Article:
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The extraordinary, unlikely tale of Tycho Brahe and Johannes Kepler, and their enormous contribution to astronomy and understanding of the cosmos, is one of the strangest stories in the history of science.

Kepler was a poor, devoutly religious teacher with a genius for mathematics. Brahe was an arrogant, extravagant aristocrat who possessed the finest astronomical instruments and observations of the time, before the telescope. Both espoused theories that seem off-the-wall to modern minds, but their fateful meeting in Prague in 1600 was to change the future of science.

Set in one of the most turbulent and colorful eras in European history, when medieval was giving way to modern, Tycho and Kepler is a double biography of these two remarkable men.

• • • • • • REVIEWS • • • • • •

“Kitty Ferguson has written a book that has romance . . . it has love, sword fighting, murder, deception, betrayal, trust gone wrong, incredible riches, amazing poverty, reaching for the stars and abject failure, all wrapped in this historical book . . . and it’s all one hundred percent true, the most fascinating read about two incredibly interesting people!”
Richard Newsome, Book Critic — 612 ABC Brisbane Radio
Click here to hear Kitty Ferguson’s TYCHO & KEPLER reviewed

“Ferguson is a fine writer . . . . The scientific concepts are clearly delineated, and the reader will deeply appreciate the many enlightening diagrams and photographs . . . . Tycho and Kepler is a captivating story drawn from the greatest subject known to humankind – the very universe itself.”
— Physics Today

“Tycho and Kepler shows beautifully how the obsessions of the pragmatic, imperious Brahe meshed perfectly with the obsessions of the idealistic, pensive Kepler.”
— Natural History

“Novelists know that Tycho Brahe’s nose was lopped off in a brawl and that he thereafter wore an artificial nose of gold and silver.  His fantastical castle and astronomical research center of Uraniborg (a ‘whimsical bauble’) on a Danish island is the stuff of legend.  Kitty Ferguson doesn’t short-change her readers on the wonder-working details of 16th century European science and astronomy, which was then still close to alchemy and astrology.  She is good on the profound differences in character between the rich, lordly astronomer Brahe and the poverty-stricken, middle-class mathematician Johannes Kepler, the differences between Brahe’s observational and technical obsessions and Kepler’s modest, seemingly simple-minded, genius that nagged at questions we take for granted now but which outraged his contemporaries.  By putting together Brahe as Smaug the dragon sitting on a fabulous golden hoard with Kepler as Bilbo Baggins who wrests the treasure from him, and expounding the science with conscientious clarity, Kitty Ferguson has written an absorbing non-fiction fable that simultaneously stimulates our imagination and satisfies our scientific curiosity.”
— Iain Finlayson, The Times (London)

“Tycho and Kepler’s scientific achievements were nothing less than paradigm altering, and Ferguson’s meticulous blend of biography, history, and science anchors their cosmic discoveries within a vital social context.”
— Booklist (starred review)

“Ferguson continues to wield her gift as a popular science writer in this double biography.  She has a wonderful ability to explain her topic and its significance but also to render the historical background in such a way that the  participants do not seem to be either incredibly farsighted prophets or quaint characters fumbling for explanations.”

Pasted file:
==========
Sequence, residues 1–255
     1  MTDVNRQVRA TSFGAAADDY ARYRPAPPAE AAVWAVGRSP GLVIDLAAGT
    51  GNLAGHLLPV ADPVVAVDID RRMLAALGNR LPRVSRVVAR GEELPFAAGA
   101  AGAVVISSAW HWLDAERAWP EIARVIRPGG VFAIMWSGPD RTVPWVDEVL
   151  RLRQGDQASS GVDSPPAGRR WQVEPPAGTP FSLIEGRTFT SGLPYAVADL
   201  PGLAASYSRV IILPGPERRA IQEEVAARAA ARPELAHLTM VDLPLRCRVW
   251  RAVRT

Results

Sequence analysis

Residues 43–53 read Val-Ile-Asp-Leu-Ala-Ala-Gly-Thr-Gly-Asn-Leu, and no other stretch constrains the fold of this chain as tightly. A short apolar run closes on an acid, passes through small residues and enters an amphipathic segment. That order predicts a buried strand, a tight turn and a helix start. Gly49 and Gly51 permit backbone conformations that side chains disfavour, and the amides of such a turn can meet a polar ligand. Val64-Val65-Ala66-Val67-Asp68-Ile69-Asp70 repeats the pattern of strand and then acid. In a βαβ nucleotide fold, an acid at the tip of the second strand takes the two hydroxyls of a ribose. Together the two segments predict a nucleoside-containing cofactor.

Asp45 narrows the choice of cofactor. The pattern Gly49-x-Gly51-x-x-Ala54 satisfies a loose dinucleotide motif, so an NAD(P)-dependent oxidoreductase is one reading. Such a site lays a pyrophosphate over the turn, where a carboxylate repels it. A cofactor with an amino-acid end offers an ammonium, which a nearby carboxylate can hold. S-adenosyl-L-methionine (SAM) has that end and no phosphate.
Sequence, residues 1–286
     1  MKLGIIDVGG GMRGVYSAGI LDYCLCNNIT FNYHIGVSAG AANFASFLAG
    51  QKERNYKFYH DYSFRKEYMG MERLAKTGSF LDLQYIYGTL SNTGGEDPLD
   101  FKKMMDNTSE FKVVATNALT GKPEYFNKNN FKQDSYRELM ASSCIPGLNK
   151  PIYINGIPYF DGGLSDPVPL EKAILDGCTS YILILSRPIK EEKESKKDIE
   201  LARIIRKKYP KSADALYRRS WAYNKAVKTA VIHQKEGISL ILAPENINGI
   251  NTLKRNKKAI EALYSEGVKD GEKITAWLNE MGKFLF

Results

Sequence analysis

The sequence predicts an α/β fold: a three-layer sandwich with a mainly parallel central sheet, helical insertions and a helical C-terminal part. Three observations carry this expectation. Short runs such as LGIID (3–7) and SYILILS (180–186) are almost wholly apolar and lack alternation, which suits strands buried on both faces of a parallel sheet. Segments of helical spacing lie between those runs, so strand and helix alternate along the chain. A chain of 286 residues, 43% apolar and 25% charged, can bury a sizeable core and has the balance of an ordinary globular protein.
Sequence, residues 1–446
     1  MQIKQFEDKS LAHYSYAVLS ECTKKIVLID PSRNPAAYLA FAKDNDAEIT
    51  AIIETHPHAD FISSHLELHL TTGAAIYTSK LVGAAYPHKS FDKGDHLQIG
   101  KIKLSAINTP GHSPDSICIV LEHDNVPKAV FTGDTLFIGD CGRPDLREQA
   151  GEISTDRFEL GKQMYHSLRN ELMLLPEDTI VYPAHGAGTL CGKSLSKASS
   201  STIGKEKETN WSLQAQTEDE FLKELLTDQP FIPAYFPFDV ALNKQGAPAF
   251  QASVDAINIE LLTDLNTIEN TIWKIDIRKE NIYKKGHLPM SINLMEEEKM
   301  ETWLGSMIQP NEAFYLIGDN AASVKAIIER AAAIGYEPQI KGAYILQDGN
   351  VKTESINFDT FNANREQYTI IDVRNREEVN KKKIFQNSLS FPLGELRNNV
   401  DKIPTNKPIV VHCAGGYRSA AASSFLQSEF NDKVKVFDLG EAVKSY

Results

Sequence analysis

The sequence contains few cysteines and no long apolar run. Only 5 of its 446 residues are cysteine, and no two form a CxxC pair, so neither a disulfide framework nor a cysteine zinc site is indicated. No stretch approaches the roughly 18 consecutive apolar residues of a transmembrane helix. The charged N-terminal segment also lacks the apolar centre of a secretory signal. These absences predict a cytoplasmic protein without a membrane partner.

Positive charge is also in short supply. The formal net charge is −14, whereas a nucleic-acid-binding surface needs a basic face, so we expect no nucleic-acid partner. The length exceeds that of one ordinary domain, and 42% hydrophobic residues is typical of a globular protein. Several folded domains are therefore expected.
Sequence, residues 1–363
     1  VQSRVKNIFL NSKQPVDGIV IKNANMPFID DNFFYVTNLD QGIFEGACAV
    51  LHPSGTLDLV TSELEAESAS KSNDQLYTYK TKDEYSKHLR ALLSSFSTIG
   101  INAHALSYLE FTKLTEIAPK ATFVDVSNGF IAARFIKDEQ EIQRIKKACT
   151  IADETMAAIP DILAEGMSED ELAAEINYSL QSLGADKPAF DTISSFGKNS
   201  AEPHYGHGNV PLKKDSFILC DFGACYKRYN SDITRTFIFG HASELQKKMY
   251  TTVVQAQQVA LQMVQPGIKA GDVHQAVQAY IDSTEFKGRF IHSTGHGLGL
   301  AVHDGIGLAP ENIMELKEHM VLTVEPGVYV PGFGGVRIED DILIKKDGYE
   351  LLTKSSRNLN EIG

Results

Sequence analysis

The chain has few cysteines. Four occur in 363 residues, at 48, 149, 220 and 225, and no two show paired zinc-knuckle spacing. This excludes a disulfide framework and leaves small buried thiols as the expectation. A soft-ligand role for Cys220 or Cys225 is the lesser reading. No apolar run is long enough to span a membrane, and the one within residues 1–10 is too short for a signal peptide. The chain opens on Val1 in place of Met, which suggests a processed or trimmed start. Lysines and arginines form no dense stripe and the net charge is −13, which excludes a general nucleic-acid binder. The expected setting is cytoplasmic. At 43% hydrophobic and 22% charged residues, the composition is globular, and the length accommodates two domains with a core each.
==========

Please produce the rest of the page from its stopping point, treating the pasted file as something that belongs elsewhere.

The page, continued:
— Library Journal (starred review)

“Ferguson’s writing style is lucid and imaginative.  Her description of the social and scientific climate of those times is interesting.  The book is richly illustrated, and Ferguson is careful to provide detailed explanations of concepts that casual readers might not be familiar with.  Tycho and Kepler will be a welcome addition to anyone’s library.  Even if one is not an astronomer or historian, this is a fine story about the lives of two extraordinary men.”
— Mercury

“Her skill in explaining complex astronomical problems and procedures clearly and succinctly is nothing short of amazing.”
— Philadelphia Inquirer

“Kitty Ferguson, having given her heart to two star-obsessed dreamers, has reanimated their clashing personalities, revived the struggle that united them, and reopened the heavens to their genius.”
— Dava Sobel, author of Longitude and Galileo’s Daughter

“Meticulously instructive both on a scientific revolution and the personalities who achieved it.”
— Kirkus Reviews

“Ferguson paints her picture of Brahe and Kepler in broad strokes, placing them among the political intrigues of their times.  Her biography offers glimpses of two men completely enamored of the beauty of the stars and planets and their attempts to describe the world through the eyes of this great love.”
— Publishers Weekly

• • • • • • TABLE OF CONTENTS • • • • • •

Tycho’s Denmark; Tycho and Kepler’s Europe
Aristocrat by Birth, Astronomer by Nature
Behavior Unbecoming a Nobleman
Having the Best of Several Universes
The Isle of Hven
Worlds Apart
A Palace Observatory
Adelberg, Maulbronn, Uraniborg
Contriving Immortality
The Undermining of Human Endeavor
Years of Discontent
Geometry’s Universe
Divine Right and Earthly Machination
Converging Paths
Prague Opens Her Arms
A Dysfunctional Collaboration
“Let Me Not Seem to Have Lived in Vain”
The Best of Times
Astronomia Nova
The Wheel of Fortune Creaks Around
An Unlikely Harmony
Measuring the Shadows
Appendix: Angular Distance, Kepler’s Use of Tycho’s Observations of Mars
Glossary, Notes, Bibliography, Index